The Philadelphia Phillies have a chance to repeat as world champions of baseball. Last night's 10-4 victory over the Los Angeles Dodgers launched the local favorites into the World Series for the second year in a row, and the first time since the New York Yankees advanced in 2000-2001.
And, while the team repeated its magnificent season of a year ago, it's a tribute to their fans that the Phillies followers didn't repeat their performance of last October.
Following last year's World Series win over Tampa Bay, fans in South Philadelphia toppled a traffic pole and set off illegal fireworks. In the city's downtown, a luggage store was looted, some small fires were set and planters and taxicabs were damaged. It wasn't a very dignified way to celebrate the pennant clinching victory.
But this year was different. Although hundreds of Phillies fans streamed out of restaurants, bars and apartment buildings in downtown Philadelphia early this morning to celebrate their team's second straight trip to the World Series, and revelers honked car horns and set off fireworks in other parts of the city, the mood was less chaotic, and more of a celebration
The atmosphere was one of excitement downtown, but the raucous crowd of about 1,000 gathered on Broad Street remained under control as a dozen mounted police and dozens of officers in riot gear lined the street, making only scattered arrests and confiscating alcohol.
It seems Phillies' fans have learned to celebrate with the same class their team has shown while performing on the field.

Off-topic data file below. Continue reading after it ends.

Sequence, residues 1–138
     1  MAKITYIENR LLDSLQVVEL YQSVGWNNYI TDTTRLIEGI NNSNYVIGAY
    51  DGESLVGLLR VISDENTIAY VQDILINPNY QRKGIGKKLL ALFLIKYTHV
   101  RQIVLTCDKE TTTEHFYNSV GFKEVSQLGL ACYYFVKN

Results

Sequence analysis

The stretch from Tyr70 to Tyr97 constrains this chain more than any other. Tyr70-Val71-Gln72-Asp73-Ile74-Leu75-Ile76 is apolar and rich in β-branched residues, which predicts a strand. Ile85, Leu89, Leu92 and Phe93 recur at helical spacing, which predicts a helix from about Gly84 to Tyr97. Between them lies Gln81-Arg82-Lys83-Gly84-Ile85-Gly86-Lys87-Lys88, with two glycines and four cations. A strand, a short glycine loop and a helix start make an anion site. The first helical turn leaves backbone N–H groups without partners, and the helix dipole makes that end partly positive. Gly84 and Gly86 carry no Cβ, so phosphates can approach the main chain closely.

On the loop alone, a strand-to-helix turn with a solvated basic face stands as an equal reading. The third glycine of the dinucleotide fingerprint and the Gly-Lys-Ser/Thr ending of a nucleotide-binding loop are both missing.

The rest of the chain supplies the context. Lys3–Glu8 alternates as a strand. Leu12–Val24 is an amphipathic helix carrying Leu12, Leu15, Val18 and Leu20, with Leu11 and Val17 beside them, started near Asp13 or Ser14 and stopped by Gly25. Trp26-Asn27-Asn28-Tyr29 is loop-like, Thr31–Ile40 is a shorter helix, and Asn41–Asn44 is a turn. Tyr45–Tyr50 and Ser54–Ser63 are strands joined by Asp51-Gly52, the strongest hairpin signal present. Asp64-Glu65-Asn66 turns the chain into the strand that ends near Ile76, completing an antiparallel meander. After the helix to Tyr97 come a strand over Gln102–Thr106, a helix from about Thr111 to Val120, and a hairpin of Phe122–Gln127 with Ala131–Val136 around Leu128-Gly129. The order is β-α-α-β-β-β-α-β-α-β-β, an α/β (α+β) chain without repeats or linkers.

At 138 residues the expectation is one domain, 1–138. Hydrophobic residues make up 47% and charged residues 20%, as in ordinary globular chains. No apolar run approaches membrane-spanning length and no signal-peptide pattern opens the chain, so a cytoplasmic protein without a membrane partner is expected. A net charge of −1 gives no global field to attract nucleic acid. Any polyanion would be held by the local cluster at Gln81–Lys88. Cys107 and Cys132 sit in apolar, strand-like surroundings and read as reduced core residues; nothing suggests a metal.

Just to be on the safe side, the city took extra precautions this year, going so far as to grease utility and light poles to dissuade would-be climbers. A police department spokesperson said shortly before 2 a.m. today that police were reporting no major problems with crowds in the city. The city also removed expensive new solar-powered trash cans from downtown sidewalks, and Mayor Michael Nutter urged fans to celebrate responsibly. The city asked some bars to serve drinks in plastic cups instead of glass.
Cities are judged by the way they celebrate historic victories by their hometown teams. How many times have we seen in the past, looting and fires, and fighting and drunken incidents that often mar such milestones as the one that took place in Philadelphia last night? In some instances there have also been severe injuries and even deaths due to the out-of-control revelry.
But this year Philadelphia will be judged in two ways - first, for their team, an offensive juggernaut built on power and speed.
And second, their fans will be judged by the class in which they celebrated.
One fan said it will be like Christmas if the Phillies repeat as world champions. Last night and early this morning the fans already gave the city a huge gift - by celebrating responsibly and safely. Lets hope that trend continues.